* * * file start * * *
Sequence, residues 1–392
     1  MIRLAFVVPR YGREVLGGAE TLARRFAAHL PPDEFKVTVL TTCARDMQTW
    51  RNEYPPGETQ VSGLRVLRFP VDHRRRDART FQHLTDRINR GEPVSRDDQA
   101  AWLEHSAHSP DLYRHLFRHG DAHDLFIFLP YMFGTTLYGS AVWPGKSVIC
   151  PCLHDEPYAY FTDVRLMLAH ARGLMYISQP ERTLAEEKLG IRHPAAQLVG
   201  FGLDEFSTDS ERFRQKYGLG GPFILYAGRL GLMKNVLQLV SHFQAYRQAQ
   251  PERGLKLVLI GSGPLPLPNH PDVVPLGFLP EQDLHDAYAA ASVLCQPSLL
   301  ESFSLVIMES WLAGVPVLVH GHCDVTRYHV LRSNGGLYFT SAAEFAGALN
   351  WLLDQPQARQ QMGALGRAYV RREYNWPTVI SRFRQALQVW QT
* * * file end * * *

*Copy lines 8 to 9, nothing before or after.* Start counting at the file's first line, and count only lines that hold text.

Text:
   301  ESFSLVIMES WLAGVPVLVH GHCDVTRYHV LRSNGGLYFT SAAEFAGALN
   351  WLLDQPQARQ QMGALGRAYV RREYNWPTVI SRFRQALQVW QT